Sheriff’s Candidate JD Hartman: Continue improving services to community
Published 7:52 am Monday, May 2, 2022
Pudding Ridge Road, Mocksville
Wife, Robin; son; daughter and son-in-law
West Forsyth High School, 1983 graduate; attended FTCC for a brief period. Worked for several years in numerous fields. Basic Law Enforcement Training in 1991, served in law enforcement since that time. Countless hours of training related to law enforcement, 31 years on-the-job, 24 in Davie
Sheriff of Davie County since January of 2017; for 10 years prior was chief deputy of the Davie Sheriff’s Office. Prior to that, performed every position in the sheriff’s office, other than animal control
In The Community
• Green Meadows Baptist Church
• Board of Directors for Farmington Community Events Center for eight years; a term as vice president and four terms as president; still a volunteer
• Board of Davie Domestic Violence for many years.
• Founding member of the Dragonfly House Children’s Advocacy Center, served on the board of directors as treasurer, vice president, and president. Past chair of facilities committee during new build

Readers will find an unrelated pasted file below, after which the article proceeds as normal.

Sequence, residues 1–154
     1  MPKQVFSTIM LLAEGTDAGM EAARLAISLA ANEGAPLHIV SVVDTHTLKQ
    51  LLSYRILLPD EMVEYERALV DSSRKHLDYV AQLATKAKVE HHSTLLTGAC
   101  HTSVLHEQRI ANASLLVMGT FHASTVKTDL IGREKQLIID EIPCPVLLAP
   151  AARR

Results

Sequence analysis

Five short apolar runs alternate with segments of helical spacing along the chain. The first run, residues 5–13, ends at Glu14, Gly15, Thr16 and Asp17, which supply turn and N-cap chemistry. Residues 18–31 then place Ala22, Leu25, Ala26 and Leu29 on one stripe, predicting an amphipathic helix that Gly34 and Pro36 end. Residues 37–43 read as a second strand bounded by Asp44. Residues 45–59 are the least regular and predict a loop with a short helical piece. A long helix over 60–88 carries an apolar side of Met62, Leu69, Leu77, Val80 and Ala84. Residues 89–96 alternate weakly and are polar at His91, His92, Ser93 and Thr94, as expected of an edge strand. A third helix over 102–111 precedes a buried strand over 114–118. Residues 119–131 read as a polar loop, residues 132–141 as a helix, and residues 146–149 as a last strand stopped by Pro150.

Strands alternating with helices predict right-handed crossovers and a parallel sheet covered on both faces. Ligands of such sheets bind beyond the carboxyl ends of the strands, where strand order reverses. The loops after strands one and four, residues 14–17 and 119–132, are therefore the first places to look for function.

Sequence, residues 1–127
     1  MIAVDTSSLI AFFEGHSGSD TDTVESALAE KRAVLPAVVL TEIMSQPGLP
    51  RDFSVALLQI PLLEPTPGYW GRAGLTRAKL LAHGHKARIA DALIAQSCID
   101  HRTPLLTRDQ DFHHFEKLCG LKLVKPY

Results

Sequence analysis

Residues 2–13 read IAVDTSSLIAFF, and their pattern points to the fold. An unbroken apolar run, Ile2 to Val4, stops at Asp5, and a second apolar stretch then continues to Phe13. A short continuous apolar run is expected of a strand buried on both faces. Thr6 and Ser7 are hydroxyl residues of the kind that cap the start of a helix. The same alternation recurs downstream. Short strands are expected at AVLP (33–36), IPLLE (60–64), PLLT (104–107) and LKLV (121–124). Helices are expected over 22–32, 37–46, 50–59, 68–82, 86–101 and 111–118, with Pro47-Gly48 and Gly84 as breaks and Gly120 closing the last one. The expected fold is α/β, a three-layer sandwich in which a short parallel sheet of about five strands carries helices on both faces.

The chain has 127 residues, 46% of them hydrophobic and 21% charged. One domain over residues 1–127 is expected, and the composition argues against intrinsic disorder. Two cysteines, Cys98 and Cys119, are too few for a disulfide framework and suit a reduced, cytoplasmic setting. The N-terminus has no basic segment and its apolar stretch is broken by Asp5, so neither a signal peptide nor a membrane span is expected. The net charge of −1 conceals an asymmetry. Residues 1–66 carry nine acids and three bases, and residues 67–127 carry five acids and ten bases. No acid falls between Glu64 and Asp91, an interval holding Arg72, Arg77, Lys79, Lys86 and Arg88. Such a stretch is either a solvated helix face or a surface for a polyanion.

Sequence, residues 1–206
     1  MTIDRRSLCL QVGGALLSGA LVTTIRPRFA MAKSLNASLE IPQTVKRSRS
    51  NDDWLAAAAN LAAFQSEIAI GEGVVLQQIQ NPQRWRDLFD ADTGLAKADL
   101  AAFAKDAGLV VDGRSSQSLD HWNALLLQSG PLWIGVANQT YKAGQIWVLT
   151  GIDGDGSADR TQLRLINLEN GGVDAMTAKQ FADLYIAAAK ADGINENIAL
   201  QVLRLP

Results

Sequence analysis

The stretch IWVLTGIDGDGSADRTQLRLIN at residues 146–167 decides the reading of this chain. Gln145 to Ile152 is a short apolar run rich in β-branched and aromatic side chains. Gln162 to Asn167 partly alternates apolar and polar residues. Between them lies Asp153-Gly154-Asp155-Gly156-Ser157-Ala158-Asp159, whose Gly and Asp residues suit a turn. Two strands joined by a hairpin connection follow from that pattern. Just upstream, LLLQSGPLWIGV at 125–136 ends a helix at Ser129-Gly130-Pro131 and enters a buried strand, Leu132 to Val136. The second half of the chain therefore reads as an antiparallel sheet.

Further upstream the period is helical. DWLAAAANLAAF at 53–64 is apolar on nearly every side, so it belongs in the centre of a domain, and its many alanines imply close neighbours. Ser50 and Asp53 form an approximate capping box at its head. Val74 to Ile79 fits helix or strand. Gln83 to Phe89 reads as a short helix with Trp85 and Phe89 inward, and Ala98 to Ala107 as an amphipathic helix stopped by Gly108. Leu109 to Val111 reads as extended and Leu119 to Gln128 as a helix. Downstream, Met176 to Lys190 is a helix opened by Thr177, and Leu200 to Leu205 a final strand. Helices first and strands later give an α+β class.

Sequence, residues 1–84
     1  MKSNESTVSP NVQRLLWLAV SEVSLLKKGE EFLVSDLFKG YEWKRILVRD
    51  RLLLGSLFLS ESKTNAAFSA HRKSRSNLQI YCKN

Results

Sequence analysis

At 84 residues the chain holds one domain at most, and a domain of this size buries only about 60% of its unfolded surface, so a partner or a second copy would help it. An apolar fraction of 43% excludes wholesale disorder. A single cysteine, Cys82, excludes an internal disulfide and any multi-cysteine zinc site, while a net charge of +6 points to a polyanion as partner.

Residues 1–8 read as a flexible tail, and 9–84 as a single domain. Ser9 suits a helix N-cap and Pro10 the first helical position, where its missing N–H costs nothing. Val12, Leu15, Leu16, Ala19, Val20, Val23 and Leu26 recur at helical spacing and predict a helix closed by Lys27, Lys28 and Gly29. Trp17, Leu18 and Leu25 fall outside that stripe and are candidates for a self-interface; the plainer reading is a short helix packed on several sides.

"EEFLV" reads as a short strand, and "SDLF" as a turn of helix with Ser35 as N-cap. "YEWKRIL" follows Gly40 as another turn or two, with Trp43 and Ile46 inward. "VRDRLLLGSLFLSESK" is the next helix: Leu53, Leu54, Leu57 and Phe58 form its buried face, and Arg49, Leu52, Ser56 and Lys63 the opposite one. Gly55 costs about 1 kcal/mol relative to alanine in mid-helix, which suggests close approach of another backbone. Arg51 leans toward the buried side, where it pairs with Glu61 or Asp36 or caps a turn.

• Davie County Child Fatality Team, multi-disciplinary group that reviews child-related cases and deaths
• NC 911 Board
• Farmington Ruritans
• Mocksville Rotary
• Board for the Advocacy Center of Davie County
• N.C. Sheriff’s Association Legislative and Training Committees; 3 years on School Safety Committee
Why did you decide to seek public office?
Hartman: Having lived and worked in Davie County for many years while serving in Law Enforcement, I would like to continue serving our County and the citizens. I have watched our County grow and change, and the Sheriff’s Office along with it; having been deeply involved in shaping many of those changes at the Sheriff’s Office, I want to continue to be part of preparing the Sheriff’s Office to serve our citizens and County over the next thirty years. It has been my honor and privilege over the past 5 ½ years to serve as Sheriff alongside the outstanding group of dedicated men and women who comprise the Davie County Sheriff’s Office team. My staff truly exemplify service above self every day, and know they have my full support. I am readily available to each of them, since serving as Chief Deputy I have always maintained an open-door policy and place tremendous value on the earned respect of my Team.